Uber's problems with corporate culture aren't over just because it fired 20 people. Both the New York Times and Recode have learned that the ridesharing company has fired Asia-Pacific president Eric Alexander (shown above) after word got out that he obtained the medical records of a woman raped by her Uber driver in New Delhi, India. Uber would only confirm that Alexander is no longer an employee, but it's more than a little unusual for a transportation exec to get sensitive information relating to a criminal case. And if the sources are accurate, the reasons behind the move are equally strange.
Both news outlets understand that Alexander, CEO Travis Kalanick and senior business VP Emil Michael weren't sure that the rape claim was completely authentic. Alexander shared the files with the group, which raised the possibility that Ola (Uber's chief competitor in India) staged the incident to tarnish its rival. The exec reportedly carried the records for a year until other Uber leaders obtained the report and destroyed Alexander's copy. It's not known if there are any remaining copies floating around the company's offices.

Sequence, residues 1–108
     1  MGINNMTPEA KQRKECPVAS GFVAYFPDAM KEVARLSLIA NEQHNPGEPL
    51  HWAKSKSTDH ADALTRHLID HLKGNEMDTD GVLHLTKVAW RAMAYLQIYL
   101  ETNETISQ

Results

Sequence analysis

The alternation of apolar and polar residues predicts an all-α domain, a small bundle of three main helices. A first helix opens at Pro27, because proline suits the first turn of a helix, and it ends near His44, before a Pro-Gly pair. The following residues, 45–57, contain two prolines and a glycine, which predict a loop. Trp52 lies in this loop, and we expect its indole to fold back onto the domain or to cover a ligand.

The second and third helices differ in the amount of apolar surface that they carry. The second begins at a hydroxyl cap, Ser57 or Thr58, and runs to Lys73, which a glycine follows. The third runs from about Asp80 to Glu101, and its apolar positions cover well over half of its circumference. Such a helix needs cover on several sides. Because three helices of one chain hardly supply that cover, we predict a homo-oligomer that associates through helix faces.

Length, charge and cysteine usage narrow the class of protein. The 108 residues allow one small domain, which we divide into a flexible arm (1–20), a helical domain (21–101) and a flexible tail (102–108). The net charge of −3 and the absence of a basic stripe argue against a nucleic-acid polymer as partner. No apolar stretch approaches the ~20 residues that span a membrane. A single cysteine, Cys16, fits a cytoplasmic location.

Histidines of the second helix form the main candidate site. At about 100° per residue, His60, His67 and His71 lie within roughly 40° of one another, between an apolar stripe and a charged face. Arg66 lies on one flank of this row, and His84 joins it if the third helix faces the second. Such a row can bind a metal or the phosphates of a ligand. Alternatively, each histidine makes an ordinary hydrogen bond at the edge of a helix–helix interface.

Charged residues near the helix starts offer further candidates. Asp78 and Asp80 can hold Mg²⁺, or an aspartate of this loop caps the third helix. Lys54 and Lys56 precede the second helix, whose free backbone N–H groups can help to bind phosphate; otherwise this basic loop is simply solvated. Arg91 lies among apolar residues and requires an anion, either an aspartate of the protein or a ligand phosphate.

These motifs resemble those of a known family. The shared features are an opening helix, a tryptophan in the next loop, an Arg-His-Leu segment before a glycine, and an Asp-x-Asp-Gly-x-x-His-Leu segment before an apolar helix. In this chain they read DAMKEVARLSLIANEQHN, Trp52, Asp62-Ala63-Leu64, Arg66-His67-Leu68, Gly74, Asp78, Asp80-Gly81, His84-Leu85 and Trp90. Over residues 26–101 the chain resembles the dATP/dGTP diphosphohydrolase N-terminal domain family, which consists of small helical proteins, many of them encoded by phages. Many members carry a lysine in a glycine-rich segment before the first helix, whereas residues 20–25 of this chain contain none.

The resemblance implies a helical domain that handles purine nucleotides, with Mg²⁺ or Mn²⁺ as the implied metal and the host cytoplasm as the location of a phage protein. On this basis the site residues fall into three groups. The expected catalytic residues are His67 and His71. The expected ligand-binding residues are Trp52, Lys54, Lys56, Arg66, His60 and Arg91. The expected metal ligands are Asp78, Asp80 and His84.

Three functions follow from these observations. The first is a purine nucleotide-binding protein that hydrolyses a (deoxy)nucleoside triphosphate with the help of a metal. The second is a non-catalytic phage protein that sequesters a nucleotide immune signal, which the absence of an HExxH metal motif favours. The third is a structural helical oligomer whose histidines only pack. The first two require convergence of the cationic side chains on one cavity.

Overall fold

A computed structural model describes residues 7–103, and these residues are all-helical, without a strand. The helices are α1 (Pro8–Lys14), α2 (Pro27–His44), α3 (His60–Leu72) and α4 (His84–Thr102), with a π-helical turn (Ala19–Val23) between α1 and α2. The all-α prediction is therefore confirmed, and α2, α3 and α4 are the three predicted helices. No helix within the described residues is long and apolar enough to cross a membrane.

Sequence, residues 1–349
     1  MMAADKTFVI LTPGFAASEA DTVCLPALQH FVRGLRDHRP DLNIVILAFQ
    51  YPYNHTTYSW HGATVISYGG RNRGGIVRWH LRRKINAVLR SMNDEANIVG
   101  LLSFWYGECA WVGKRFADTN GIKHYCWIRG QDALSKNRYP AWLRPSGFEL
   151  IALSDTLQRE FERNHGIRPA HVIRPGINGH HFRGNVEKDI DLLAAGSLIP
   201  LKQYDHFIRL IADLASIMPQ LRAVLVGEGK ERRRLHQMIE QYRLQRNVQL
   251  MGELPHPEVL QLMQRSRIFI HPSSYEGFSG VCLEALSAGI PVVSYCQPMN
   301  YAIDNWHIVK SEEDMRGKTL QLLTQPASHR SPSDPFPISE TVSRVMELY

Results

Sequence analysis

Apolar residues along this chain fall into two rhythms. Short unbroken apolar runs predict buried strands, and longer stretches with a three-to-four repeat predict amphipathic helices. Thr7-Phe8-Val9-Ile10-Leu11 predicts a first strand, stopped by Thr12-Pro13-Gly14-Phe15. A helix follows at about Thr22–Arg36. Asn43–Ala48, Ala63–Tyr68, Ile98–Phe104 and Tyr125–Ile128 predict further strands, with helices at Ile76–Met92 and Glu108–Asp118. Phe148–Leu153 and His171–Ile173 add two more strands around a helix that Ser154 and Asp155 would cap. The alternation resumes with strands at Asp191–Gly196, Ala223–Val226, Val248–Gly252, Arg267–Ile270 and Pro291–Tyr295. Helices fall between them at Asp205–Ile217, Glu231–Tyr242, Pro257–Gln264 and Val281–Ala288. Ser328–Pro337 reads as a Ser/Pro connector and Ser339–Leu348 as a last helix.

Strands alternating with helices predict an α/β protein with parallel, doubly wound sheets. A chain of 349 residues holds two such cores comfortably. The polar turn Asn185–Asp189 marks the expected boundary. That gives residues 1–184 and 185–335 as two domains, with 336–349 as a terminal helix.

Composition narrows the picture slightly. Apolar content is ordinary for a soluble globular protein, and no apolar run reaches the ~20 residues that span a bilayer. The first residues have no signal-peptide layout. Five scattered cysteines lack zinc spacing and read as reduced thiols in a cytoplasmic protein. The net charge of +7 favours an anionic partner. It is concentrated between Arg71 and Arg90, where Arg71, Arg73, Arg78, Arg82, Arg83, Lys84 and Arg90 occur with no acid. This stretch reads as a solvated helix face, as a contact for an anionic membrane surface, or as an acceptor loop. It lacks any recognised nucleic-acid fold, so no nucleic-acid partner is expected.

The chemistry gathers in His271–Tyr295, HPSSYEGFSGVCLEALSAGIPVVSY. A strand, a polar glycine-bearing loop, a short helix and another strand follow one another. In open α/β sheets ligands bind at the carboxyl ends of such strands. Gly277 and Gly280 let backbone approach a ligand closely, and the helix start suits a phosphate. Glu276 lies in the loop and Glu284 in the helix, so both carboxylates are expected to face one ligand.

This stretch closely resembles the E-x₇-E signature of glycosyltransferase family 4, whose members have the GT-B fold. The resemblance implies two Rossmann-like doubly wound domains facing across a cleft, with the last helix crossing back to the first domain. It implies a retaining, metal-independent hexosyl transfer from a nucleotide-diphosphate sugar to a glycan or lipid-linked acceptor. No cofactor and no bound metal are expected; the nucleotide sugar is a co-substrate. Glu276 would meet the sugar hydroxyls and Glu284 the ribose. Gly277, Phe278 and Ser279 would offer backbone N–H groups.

There's no word on whether or not Alexander obtained the victim's details legally. We've asked the area's police if they can comment and will let you know if they can share anything. Whether or not he did, the revelation and its aftermath underscore Uber's frequent slowness in dealing with questionable behavior among its higher-ups. While Uber did take multiple steps to improve passenger safety in India, it didn't address Alexander until word of his activities was about to go public -- as much as the firm is doing to reevaluate itself, it's not at the point where it proactively deals with bad actors among its ranks.